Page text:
Five years of the Pauli Murray Project

Jul. 02, 2014 @ 09:44 AM

It’s been five years since the start of the Pauli Murray Project, which is part of the Duke Human Rights Center at the Franklin Humanities Institute. The name Pauli Murray is becoming more and more familiar to people, beyond just those who grew up with her in Durham’s West End or knew her work nationally for women’s rights and civil rights, as an attorney and author. She was also the first African-American female Episcopal priest.
Locally, she has been the subject of a historical marker, several talks, a play, poetry and public murals. Two years ago, she was named a saint by The Episcopal Church, which included her in the book “Holy Women, Holy Men: Celebrating the Saints.” She is celebrated on the church calendar every July 1, the date of her death in 1985. This year’s celebration service was again held at St. Titus’ Episcopal Church in Durham.
The Pauli Murray Project has also focused on the future of her childhood home on Carroll Street. The Pauli Murray Center for History and Social Justice was established as a separate nonprofit last year and is focused on renovation of the 1898 Fitzgerald family home. The city of Durham recently finished work in Maplewood Cemetery near the home to route water runoff through new pipes underground.
Barbara Lau, director of the Pauli Murray Project, said water runoff that went under the house damaged the foundation, but the pre-war drainage pipes have now been replaced. In the process, Lau said, they found historic bricks. Murray’s mother’s side of the family, the Fitzgeralds, were brickmakers in Durham. Public Works employees staged a lot of the work on the house’s property, which resulted in clearing out, grading and planting grass on an area of land that now reveals the visual lines between the house and cemetery. That helps tell the story, Lau said in an interview this week, and metaphorically the boundary between a black neighborhood and a white cemetery.
The next step for the Murray center is bidding out work of stabilizing four chimneys. Lau said she sees the restoration of the house and the opening of the center as a 10-year plan that also involves a community-based master plan development and capital campaign.
Another aspect of Murray’s legacy was being part of the LGBT community, but not openly during her lifetime because of issues of safety and security, Lau said.
“For her entire life, she had to be completely self-supporting. She lived on what she earned,” Lau said. There were huge risks being in same-gender relationships, she said. “People lost jobs, people lost places to live, people lost their lives because they were in some way public about those relationships,” Lau said.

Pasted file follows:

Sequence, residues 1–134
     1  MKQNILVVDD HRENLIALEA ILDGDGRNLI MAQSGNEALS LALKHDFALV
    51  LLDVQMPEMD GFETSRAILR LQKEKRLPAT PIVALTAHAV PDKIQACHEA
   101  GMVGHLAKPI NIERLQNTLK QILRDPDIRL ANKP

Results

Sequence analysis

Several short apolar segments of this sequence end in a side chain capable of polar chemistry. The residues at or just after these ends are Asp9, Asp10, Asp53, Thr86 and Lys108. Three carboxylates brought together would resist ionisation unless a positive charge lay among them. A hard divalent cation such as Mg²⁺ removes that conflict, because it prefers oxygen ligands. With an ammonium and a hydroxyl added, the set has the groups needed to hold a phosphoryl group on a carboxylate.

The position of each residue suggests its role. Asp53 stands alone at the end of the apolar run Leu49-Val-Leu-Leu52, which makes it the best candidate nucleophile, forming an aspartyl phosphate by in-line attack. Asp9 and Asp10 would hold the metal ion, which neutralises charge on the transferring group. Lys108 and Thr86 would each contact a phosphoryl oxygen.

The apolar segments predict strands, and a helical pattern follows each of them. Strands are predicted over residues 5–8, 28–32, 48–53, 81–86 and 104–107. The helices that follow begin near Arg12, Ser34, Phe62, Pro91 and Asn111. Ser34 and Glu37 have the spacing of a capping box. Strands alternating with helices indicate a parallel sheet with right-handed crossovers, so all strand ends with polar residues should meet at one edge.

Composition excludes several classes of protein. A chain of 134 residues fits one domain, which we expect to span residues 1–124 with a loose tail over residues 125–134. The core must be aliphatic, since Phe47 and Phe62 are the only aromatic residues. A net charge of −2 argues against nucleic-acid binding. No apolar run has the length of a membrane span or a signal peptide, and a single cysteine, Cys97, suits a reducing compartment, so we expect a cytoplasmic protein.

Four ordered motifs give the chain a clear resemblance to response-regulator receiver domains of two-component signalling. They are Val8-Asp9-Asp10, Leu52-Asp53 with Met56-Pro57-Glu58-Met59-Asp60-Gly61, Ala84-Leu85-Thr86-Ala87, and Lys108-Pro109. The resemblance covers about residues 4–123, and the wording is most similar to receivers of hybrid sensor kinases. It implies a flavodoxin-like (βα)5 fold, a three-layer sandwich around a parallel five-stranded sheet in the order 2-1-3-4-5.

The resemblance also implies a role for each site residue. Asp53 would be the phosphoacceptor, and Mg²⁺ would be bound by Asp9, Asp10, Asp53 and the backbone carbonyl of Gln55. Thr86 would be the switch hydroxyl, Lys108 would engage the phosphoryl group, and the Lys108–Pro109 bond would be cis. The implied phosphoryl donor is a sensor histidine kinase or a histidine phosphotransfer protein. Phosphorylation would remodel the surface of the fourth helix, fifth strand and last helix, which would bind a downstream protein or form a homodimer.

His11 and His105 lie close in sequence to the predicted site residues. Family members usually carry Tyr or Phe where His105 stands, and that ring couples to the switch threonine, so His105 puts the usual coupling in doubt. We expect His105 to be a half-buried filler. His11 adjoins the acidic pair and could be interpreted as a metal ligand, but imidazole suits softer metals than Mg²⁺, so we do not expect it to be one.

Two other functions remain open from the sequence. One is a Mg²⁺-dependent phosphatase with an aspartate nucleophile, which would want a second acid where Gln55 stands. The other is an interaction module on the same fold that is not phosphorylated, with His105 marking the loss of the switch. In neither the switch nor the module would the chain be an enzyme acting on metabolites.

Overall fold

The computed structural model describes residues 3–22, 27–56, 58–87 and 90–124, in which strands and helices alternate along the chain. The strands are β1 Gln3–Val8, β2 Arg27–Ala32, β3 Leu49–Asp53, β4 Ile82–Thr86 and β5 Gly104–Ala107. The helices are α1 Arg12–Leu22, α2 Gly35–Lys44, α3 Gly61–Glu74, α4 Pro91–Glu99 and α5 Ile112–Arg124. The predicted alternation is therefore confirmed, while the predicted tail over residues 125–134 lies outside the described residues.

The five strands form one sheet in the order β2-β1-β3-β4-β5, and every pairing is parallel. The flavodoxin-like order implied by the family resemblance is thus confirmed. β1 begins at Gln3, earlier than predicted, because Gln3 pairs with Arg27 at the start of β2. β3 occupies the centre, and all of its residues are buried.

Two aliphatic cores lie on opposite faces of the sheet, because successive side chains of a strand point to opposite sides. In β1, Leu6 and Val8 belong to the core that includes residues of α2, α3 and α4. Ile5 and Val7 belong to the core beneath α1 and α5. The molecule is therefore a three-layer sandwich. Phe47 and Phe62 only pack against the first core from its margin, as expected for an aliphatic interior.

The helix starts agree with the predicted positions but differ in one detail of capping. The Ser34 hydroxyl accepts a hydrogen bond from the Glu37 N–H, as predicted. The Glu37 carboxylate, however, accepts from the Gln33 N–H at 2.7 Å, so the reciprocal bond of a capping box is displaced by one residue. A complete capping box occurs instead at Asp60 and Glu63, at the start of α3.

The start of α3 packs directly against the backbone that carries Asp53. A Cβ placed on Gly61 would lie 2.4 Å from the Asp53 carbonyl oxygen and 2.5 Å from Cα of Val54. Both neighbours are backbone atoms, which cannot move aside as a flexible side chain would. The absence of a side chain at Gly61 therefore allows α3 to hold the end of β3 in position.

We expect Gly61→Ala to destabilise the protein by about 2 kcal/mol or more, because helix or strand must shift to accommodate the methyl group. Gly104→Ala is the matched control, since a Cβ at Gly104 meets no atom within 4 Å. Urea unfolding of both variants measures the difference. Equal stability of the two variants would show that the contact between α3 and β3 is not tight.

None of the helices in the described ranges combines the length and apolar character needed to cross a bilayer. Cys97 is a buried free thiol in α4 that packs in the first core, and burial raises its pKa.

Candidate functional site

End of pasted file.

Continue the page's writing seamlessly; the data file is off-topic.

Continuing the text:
“I think she recognized that was just a risk she couldn’t take. And later in her life, when she decided to go into seminary, probably felt that choice well founded. The Episcopal Church continues to have issues with bishops LGBTQ-identified. In that time, the same argument was being had about women,” she said.
However, Lau noted, Murray left an extensive archive including letters and journals that revealed her struggle with gender identity and sexual orientation. Murray had a relationship for many years with Irene Barlow, and they are buried under the same headstone in Cypress Hills Cemetery in Brooklyn. Murray’s instructions for her burial were clear in her will.
“Choosing where you’re buried is a very public thing. They’re buried with Irene’s mother and Pauli’s aunts Pauline and Sally. Pauli Murray referred to it as family plot,” Lau said.
Lau said that in the context of the time, she doesn’t think Murray had a choice about being out or not. “Financially, personally, professionally, even physically it was not an option to share that publicly,” she said.
Later this month, the Levine Museum of the New South in Charlotte will host an exhibit they invited Lau to develop called “Pauli Murray: Imp, Crusader, Dude, Priest.”
The exhibit describes Murray as “a courageous and accomplished American human rights activist who believed in reconciliation, truth telling, and freedom. She pictured herself, personally and professionally, as having multi-faceted identities. Throughout her life, she worked to end the discrimination she faced as a woman, person of color, worker, and member of the LGBTQ community.”
The name of the exhibit came from names Murray gave to photographs of herself in an album she made.
“I think one of the significant idea gifts Pauli Murray gave us is to redefine [the] concept of freedom … so much of that thinking comes through in her sermons, her writings, her ideas about human rights. Later in life she comes to this concept of human rights, after she coins the term ‘Jane Crow,’ where women’s rights meets civil rights.”
It’s about a bigger sense of justice, Lau said. The exhibit is in Charlotte through January, and then Lau would like to bring it back to Durham and other places around the country.
For information, visit www.paulimurrayproject.org.

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